The Malaysian Bar is heartened by the proposed idea announced by the Yang di-Pertuan Besar of Negeri Sembilan, Tuanku Muhriz Ibni Almarhum Tuanku Munawir, the chairman of the 260th meeting of the Conference of Rulers, that five out of nine members of the Judicial Appointments Committee (JAC) no longer be appointed by the prime minister so that its composition does not carry the interests of any party.
Tuanku Muhriz proposed this at his opening speech on the second day of the meeting at Istana Negara on 30 November 2022.
In context, the Malaysian Bar had since 2018 submitted a comprehensive paper to the institutional reforms committee established by the then government of the day, upon invitation, to propose ideas to strengthen the democratic institutions within our country.
The Malaysian Bar submitted more than 60 working papers to initiate progress in working towards a mature and truly democratic nation. One of the papers that the Malaysian Bar advocated to the institutional reforms committee was a review of the Judicial Appointments Commission Act 2009.
This initiative has had a history even prior to 2018, as the Malaysian Bar has always had concerns relating to the process of the appointment of judges, which should always be free from the influence of the executive, because the underlying purpose behind the establishment of a JAC is to maintain the separation between the legislature, judiciary and executive to ensure transparency at all levels.
Over and above these criteria, the Malaysian Bar has continuously advocated that the overall composition of the JAC should reflect diversity and inclusivity, and as far as possible, mirror the demography of the general population in every aspect. This means an inclusion of the wide spectrum of Malaysia’s rich multicultural and multi-religious population, and a reflection of a good balance of the genders and professional practice areas.
If the composition of the JAC is reflective of our Malaysian society, it would enhance public confidence and acceptance of the decisions made by the judiciary because these judges would essentially be representing and making decisions affecting the lives of all Malaysians.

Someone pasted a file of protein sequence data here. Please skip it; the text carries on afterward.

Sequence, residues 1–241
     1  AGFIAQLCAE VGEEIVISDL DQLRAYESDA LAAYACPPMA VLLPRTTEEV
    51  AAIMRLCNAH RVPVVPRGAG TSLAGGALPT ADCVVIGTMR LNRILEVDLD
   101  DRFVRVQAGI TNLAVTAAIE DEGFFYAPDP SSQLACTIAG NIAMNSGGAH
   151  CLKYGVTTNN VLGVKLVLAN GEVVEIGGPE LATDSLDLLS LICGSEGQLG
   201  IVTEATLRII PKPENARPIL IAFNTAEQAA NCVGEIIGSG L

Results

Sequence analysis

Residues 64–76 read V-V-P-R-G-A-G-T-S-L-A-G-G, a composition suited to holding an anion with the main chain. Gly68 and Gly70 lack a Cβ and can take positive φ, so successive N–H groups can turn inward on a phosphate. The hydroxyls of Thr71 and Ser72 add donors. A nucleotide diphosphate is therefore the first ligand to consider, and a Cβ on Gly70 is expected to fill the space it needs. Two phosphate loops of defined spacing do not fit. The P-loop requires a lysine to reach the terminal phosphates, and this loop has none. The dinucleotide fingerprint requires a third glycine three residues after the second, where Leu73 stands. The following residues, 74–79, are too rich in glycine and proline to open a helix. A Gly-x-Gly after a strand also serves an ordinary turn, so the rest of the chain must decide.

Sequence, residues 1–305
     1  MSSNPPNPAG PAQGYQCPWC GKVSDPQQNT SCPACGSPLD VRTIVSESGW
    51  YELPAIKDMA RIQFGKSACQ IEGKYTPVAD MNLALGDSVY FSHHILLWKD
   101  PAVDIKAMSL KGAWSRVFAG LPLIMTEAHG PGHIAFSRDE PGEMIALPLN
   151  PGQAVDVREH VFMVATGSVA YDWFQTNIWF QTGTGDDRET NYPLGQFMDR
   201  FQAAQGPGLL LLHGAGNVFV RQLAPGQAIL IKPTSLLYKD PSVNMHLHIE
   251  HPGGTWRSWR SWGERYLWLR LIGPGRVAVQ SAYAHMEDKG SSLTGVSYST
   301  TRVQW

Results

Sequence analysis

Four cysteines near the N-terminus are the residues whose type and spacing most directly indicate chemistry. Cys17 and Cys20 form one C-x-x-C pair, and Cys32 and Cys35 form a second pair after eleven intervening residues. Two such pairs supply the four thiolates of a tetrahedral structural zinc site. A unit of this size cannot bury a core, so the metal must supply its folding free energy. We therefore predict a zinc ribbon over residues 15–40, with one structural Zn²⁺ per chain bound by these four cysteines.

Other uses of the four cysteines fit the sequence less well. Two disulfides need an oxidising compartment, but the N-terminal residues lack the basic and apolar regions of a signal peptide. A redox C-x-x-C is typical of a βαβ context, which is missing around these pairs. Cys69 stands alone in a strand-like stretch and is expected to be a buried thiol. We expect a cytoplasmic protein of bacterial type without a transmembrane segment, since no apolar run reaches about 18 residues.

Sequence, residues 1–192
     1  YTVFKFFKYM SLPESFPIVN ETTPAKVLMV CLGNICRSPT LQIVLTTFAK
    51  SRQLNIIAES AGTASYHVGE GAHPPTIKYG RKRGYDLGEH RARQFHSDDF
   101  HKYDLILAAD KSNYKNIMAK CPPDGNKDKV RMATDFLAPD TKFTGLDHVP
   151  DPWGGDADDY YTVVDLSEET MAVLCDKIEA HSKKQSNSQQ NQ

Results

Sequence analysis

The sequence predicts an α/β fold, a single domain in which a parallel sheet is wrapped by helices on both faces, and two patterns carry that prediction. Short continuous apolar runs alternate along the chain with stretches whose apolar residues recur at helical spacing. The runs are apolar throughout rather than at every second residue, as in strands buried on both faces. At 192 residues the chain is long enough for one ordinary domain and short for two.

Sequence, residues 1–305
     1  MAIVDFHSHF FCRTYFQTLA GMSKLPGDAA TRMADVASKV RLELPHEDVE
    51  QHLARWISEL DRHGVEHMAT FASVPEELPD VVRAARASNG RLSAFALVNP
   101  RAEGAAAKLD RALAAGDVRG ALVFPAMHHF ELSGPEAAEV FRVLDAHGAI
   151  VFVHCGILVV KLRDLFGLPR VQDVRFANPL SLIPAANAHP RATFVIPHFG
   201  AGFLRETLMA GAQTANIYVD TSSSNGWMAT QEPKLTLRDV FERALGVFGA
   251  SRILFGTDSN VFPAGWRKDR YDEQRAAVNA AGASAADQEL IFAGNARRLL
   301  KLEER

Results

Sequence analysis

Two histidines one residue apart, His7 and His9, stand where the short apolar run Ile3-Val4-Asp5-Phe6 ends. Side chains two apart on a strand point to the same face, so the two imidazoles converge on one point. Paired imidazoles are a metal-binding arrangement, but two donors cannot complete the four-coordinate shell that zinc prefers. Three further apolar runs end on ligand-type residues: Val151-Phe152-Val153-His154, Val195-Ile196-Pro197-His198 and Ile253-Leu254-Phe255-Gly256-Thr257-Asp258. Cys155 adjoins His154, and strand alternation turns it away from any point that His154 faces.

- Sign up for Aliran's free daily email updates or weekly newsletters or both
- Make a one-off donation to Persatuan Aliran Kesedaran Negara, CIMB a/c 8004240948
- Make a regular pledge or periodic auto-donation to Aliran
- Become an Aliran member
The Malaysian Bar has consistently called for the decentralisation of the power of the executive in key aspects of the judicial appointments process. An example of the power of the executive in such appointments is reflected in Section 5 of the JAC Act, which stipulates that five out of the nine members of the JAC – namely a Federal Court judge and four eminent persons – are appointed by the PM.
The selection of eminent persons leaves open the possibility that former members of the executive and public service, MPs and other politicians may sit on the JAC, and the Malaysian Bar reiterates that such possibility of appointments ought to be expressly excluded.
In recent practice, whilst the process of consultation is carried out, as provided for under Section 5(f) of the JAC Act, the express and written views or objections of the Bar Council on the suitability of candidates has never been translated into actuality. The views sought therefore appear to be no more than an exercise of dressing rather than that of substance.
As such, the current call for JAC reforms is timely indeed. The Malaysian Bar takes this opportunity to renew our call for amendments to the JAC Act, where the review of provisions on representation of the stakeholders should be done by legal practitioners and the attorney general, and that eminent persons under Section 5 of the JAC Act be selected through a set of criteria suitable for Malaysians across divides, for the good of the judiciary and our country.
The Malaysian Bar reiterates yet again that the powers of the PM in the judicial selection and appointments process under the JAC Act be removed, so as to ensure the independence of the JAC to run its own affairs, and that a parliamentary select committee on key matters be possibly involved to provide checks and balances. These reforms would be necessary to uphold the independence of the judiciary.
It is therefore imperative that the government of the day that says it is resolute in good governance, continues the way forward by having the political will to make the requisite amendments to the JAC Act and Article 122B of the Federal Constitution to establish an independent judiciary, for the sake of a proper democratic system within our country.
The Malaysian Bar stands ready to assist in realising this initiative at all times.
Karen Cheah Yee Lynn is president of the Malaysian Bar
This piece is reproduced from here and has been edited for style only.